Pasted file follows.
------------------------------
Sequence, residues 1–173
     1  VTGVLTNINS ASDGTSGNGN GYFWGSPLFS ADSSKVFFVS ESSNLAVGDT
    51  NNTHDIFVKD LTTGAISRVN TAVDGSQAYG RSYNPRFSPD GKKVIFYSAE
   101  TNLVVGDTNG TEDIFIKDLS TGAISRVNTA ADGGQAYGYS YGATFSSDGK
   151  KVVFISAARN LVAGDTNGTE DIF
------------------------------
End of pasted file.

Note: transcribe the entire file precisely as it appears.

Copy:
Sequence, residues 1–173
     1  VTGVLTNINS ASDGTSGNGN GYFWGSPLFS ADSSKVFFVS ESSNLAVGDT
    51  NNTHDIFVKD LTTGAISRVN TAVDGSQAYG RSYNPRFSPD GKKVIFYSAE
   101  TNLVVGDTNG TEDIFIKDLS TGAISRVNTA ADGGQAYGYS YGATFSSDGK
   151  KVVFISAARN LVAGDTNGTE DIF